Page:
We can even make an argument for exactly the opposite: if the universe were designed, the constant wouldn't need to be fine tuned; a clever designer would make sure that their creation works reliably and thus not subject to failure because of small variation.

Why would he want to?

Hugo Pelland said...

Bingo, why would he? Or why not? We don't know. You just disproved the argument.

grodrigues said...

@Mortal:

"There are simply too many counter arguments, such as:"

While like you, I do not think much of the fine-tuning argument, I think even less of the counter-arguments you list.

I have recently became acutely aware of this curious phenomenon: arguments from theists that are weak, but where the weaknesses are best exposed by other theists, the atheist counter-arguments being even worse than the original arguments.

Aron Zavaro said...

A lot of different pieces of data are being clumped together here. Let's separate them:

L=life exists
S=the laws of physics are strict rather than lenient - i.e., they are such that only a small range of values for the constants are compatible with life naturally existing
N=life exists naturally - i.e., the values of the constants fall in the life permitting range, and therefore the existence of life is not in violation of the laws of physics

T is theism and A is atheism

P(L|T)>P(L|A) because God would have reasons to want life, whereas the universe is indifferent, so L is evidence for God, if not big evidence

P(N|T&L)<P(N|A&L) because given that life exists, atheism entails that it must exist naturally (consistent with all natural laws), but on theism, life can exist in ways that are not consistent with natural laws, because a God can do miracles, so N is evidence for atheism, if not huge evidence

P(S|N&L&T)=P(S|N&L&A) because L&N screen off S from T and A. Imagine a spectrum with the most strict possible laws on the left and the most lenient possible laws on the right. Along the spectrum are dots representing universes in which life is naturally permitted. Obviously, there will be more dots on the right side of the spectrum. Given that we know our universe is one with L&N, our universe must be one of the dots on the spectrum. And because there are an equal number of dots located on the S side of the spectrum, regardless of whether theism or atheism is true. So given N&L, the likelihood of S is the same, regardless of whether T or A is true. For both atheism and theism, the likelihood of S being true will necessarily just be (dots representing strict law universes / total dots). This point has been demonstrated by Jonathan Weisberg.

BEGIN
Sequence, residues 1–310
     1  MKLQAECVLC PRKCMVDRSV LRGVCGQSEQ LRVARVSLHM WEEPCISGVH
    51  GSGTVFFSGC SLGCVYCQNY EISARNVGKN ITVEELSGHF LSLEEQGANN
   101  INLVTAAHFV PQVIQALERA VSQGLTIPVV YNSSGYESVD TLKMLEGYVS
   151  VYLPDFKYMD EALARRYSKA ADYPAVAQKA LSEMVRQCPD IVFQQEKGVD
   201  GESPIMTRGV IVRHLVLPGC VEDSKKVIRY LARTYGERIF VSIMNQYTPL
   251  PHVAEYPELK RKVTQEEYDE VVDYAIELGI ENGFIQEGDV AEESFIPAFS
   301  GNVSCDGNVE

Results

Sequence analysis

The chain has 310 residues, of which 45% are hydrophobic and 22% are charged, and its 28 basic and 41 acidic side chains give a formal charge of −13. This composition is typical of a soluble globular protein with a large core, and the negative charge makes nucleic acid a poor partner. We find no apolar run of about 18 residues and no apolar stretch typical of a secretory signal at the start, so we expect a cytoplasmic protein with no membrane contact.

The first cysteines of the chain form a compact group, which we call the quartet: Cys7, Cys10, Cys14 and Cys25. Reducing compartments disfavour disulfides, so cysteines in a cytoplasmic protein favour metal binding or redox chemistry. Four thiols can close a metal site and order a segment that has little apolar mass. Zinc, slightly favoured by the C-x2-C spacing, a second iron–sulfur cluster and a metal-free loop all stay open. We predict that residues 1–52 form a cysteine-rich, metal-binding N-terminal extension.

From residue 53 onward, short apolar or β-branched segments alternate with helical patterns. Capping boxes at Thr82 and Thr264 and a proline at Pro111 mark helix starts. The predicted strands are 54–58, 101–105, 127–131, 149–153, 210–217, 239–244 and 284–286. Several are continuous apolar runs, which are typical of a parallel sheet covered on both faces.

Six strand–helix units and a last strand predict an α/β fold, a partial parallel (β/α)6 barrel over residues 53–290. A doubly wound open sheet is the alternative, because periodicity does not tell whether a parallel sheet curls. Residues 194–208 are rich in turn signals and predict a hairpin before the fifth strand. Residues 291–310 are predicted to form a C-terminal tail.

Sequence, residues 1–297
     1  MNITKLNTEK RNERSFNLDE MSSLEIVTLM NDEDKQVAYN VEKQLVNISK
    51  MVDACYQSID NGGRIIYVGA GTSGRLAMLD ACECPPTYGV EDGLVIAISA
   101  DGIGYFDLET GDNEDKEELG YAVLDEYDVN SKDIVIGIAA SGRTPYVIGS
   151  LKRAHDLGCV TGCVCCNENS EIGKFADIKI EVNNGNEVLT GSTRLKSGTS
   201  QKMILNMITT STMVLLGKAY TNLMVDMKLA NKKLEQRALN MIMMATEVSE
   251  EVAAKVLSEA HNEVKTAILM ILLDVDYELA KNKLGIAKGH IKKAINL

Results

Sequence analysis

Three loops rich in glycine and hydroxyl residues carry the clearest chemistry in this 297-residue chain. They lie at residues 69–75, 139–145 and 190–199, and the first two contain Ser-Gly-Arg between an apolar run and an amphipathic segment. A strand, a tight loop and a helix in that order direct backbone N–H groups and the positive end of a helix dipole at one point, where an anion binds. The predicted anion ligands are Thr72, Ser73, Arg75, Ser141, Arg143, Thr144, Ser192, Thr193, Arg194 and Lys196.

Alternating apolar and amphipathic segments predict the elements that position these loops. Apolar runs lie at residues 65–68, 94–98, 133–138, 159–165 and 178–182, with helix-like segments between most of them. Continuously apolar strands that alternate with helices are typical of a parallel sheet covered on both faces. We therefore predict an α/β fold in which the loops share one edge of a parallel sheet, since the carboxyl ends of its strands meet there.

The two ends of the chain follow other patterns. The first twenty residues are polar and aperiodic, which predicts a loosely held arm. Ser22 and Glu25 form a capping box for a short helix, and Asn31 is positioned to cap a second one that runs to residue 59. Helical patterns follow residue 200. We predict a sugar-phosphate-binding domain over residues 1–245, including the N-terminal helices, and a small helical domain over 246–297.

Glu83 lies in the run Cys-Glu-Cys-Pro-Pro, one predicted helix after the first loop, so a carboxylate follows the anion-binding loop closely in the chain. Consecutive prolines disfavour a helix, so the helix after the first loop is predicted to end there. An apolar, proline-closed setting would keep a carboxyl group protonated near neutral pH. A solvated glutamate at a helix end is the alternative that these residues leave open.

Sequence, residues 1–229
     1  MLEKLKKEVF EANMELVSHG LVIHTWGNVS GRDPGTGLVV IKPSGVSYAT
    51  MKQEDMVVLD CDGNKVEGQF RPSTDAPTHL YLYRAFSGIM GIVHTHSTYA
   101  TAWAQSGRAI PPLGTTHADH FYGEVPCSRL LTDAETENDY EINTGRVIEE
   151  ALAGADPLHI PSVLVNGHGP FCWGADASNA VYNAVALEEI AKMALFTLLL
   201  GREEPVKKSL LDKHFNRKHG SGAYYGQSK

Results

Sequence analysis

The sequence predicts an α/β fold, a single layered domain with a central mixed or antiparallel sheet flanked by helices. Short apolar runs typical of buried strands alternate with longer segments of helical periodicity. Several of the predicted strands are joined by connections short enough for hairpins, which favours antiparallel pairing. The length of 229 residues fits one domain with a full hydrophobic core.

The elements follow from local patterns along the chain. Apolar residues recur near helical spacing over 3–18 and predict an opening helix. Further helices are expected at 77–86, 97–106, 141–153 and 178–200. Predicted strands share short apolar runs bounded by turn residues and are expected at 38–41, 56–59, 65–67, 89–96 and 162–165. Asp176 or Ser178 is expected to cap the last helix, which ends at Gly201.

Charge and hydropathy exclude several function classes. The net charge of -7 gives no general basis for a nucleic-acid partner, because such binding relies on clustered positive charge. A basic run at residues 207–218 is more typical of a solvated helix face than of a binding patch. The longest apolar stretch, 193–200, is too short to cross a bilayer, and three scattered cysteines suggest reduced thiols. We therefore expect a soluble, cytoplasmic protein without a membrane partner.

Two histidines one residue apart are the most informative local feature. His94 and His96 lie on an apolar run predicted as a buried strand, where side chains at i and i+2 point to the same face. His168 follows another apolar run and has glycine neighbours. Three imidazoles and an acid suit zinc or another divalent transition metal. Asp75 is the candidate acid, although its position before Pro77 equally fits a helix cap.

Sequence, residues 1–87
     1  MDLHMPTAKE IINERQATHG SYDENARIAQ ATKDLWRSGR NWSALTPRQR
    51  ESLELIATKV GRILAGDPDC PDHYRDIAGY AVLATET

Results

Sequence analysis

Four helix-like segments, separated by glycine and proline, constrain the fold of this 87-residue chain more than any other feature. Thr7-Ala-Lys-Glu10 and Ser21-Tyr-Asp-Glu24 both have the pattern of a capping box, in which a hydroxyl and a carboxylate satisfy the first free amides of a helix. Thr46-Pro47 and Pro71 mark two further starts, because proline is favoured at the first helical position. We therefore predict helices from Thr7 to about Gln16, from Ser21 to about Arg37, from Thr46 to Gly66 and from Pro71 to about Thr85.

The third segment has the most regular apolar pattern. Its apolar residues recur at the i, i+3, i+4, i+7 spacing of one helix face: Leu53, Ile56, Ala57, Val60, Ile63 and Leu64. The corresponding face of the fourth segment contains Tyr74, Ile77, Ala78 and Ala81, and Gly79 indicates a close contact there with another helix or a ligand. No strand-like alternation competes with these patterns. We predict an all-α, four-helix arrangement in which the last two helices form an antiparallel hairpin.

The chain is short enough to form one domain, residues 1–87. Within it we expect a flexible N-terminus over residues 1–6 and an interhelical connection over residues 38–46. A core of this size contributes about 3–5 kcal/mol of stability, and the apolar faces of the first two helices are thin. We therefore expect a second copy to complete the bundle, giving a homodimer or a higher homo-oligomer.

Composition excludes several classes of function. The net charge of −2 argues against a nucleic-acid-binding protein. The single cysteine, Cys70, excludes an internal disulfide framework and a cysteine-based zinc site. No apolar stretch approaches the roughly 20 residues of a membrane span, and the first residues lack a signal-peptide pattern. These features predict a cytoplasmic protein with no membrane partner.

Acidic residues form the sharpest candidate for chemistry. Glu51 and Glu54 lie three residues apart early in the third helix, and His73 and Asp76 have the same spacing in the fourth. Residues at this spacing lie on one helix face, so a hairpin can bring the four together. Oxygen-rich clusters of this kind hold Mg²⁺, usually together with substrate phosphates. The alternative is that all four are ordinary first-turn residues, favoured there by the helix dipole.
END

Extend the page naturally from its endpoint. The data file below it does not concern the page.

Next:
So life is some evidence for God. The fact that life exists in a way compatible with natural laws is some evidence for atheism. And the strictness of the laws of physics is not evidence for either.

Mortal said...

grodrigues,

Well, I didn't say they were good counter-arguments, but they do seem to satisfy those who use them.

A actually think the first one is solid, while the multiverse idea is junk science, and the third argument is a variation of "brute fact" reasoning, sort of like answering a question with "Just because!"

But even if we granted that there was no possibility for our universe to be anything other than what it is, that still does not rule out design. I'd say the idea is neutral to the debate. (I am aware that an atheist might conclude otherwise.)

grodrigues said...

@Mortal:

"Well, I didn't say they were good counter-arguments, but they do seem to satisfy those who use them."

I confess I am only interested in whether the arguments are good or not, not in whether someone is "satisfied" by them. That fact only tells us about the person, not the argument.

"A actually think the first one is solid"

There isn't a single half-decent argument for it, not one -- I do not count sheer assertion, question begging or changing the topic as good arguments.

Stardusty Psyche said...

Victor Reppert said...

" We can even make an argument for exactly the opposite: if the universe were designed, the constant wouldn't need to be fine tuned; a clever designer would make sure that their creation works reliably and thus not subject to failure because of small variation.
Why would he want to?"
--Then who is this clever designer that fine tuned god? God's god?

Perhaps you say god just always existed. Ok, so something extremely complicated and powerful can just exist from negative infinity. In that case, why bother with the god speculation at all?

Perhaps you say god is not fine tuned. So any old sort of existence can make up a god?

The god hypothesis solves nothing, explains nothing, and only makes the problem more difficult.


June 20, 2017 7:04 PM